The Trouble with Biographies

I don’t read enough biographies. I want to read Nabokov’s biography, but the definitive version is  two thick volumes. How many butterfly hunts did he go on, anyway? I should just read Speak, Memory instead.  It’s one manageable volume, and it’s better written. I’ve been meaning to read Henry James’s biography for years, but as I dither more versions of his life come out, and I still haven’t read The Golden Bowl. Once, when I was in graduate school, I dreamt that I was reading a Henry James sentence that never ended. It went on for pages, through whole books. I awoke in terror at the prospect of getting trapped in an entire library of non-restrictive clauses.  Since then, when it comes to reading him I’ve been as tentative and uncertain as a Henry James hero.

Biographies are interruptions in my normal reading. I prefer the fiction to the author most every time. If a writer’s biography is more interesting than his or her works, I get suspicious. Even well-written, engaging biographies have limited readerly appeal. They tend to be really long with highly predictable plot structures: birth, early discovery of genius, development of first great work, big personal crisis, development of first not so great work, another personal crisis, second great work, a period of cruising on their reputation, health crisis, bitter and useless old age, death. If the lives depicted in biographies aren’t more contented than mine, they’re at least more purposeful. The seventeen-year-old Jean-Paul Sartre could grit his teeth and repeat to himself, "I am a genius, I am a genius . . . " because, at seventeen, he was Jean-Paul Sartre, an actual genius, at least for a while. He was already the person he was going to end up being. One’s own still unresolved life can only pale by comparison.

Both Mark Scroggins at the Culture Industry blog and Daniel Green at The Reading Experience are struggling with the issue of biography right now. Scroggins considers the issue of the popular biography. One purpose of the biography is to publicize the life of its subject, to set the person in our shared memories. A biography written only for specialists is certain to seal the dead in their tombs. However, biographies intended for wide audiences can suffer from the same benign editorial neglect and casual approach to facts as a business book. Ill-conceived biographies dashed off for a general audience do little to enhance the low status of biography in contemporary letters at a time when our personality-obsessed age could use a higher form of storytelling about the lives of the famous.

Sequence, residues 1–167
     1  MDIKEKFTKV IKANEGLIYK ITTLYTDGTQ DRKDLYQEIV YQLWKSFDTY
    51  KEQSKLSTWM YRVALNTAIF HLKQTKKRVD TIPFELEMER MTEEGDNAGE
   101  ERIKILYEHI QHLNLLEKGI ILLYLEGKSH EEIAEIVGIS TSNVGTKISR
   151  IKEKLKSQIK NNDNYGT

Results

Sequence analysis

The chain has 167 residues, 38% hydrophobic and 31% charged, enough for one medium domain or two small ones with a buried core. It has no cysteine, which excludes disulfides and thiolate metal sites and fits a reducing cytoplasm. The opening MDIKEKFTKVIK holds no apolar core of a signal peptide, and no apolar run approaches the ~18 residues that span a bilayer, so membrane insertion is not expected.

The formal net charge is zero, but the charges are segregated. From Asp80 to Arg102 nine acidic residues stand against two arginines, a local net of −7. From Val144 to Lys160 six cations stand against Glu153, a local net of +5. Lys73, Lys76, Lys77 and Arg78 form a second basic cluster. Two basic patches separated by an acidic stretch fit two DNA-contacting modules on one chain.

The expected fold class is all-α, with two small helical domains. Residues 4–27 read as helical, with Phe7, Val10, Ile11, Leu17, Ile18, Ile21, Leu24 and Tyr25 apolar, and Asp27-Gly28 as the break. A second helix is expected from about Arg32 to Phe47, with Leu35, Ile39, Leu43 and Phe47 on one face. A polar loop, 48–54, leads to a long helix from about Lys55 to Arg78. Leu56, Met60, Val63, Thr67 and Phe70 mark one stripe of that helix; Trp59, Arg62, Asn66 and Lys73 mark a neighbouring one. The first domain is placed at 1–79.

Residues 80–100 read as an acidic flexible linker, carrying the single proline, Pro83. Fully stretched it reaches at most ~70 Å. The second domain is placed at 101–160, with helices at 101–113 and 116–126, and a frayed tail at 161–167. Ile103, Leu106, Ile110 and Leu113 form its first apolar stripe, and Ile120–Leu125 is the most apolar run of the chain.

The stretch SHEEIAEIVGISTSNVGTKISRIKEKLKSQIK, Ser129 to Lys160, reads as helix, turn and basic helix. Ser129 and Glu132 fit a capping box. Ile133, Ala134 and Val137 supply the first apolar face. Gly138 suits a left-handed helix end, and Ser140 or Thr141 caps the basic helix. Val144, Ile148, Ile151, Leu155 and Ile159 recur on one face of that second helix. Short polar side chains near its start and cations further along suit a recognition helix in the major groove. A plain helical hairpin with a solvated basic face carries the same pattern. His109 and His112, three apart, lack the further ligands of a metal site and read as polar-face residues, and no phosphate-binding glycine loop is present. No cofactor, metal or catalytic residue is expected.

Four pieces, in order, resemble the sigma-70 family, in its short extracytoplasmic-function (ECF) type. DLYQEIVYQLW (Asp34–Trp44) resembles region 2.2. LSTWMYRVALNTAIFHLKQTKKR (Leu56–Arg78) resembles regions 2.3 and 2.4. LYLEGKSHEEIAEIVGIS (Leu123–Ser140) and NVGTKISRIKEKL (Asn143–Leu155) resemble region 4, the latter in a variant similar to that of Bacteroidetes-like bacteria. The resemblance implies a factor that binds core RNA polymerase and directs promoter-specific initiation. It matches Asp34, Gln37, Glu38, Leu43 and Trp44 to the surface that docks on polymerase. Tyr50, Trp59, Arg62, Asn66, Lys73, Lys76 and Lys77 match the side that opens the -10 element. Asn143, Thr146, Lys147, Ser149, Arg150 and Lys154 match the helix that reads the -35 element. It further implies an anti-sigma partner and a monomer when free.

Green takes up the issue of biography as a form of criticism. Biography is considered kind of a low skill in literary studies, primarily because they can sometimes read like they’re a research notes dump rather than a thoughtful examination of a life and its work. James Miller’s biography of Michel Foucault is an exemplary instance of a critical biography. Other biographies I’ve read make its subject’s art seem like a side job, like serving on a local government committee. As Green notes, "Biographies are the closest thing to long-form criticism published by most presses, and the closest most readers of newspaper and magazine reviews ever get to extended consideration of even the most famous writers." But few biographers venture to interpret the works with much relish. Perhaps the anxious indecisiveness that compels the biographer to mention every dinner party her subject attended also leads to critical reticence. To criticize means to make choices, to accept one thing and not another. It also exposes the reader as a judging agent. That’s difficult when our age demands every scandalous detail of a famous person’s life, but without questioning the motives behind that demand.

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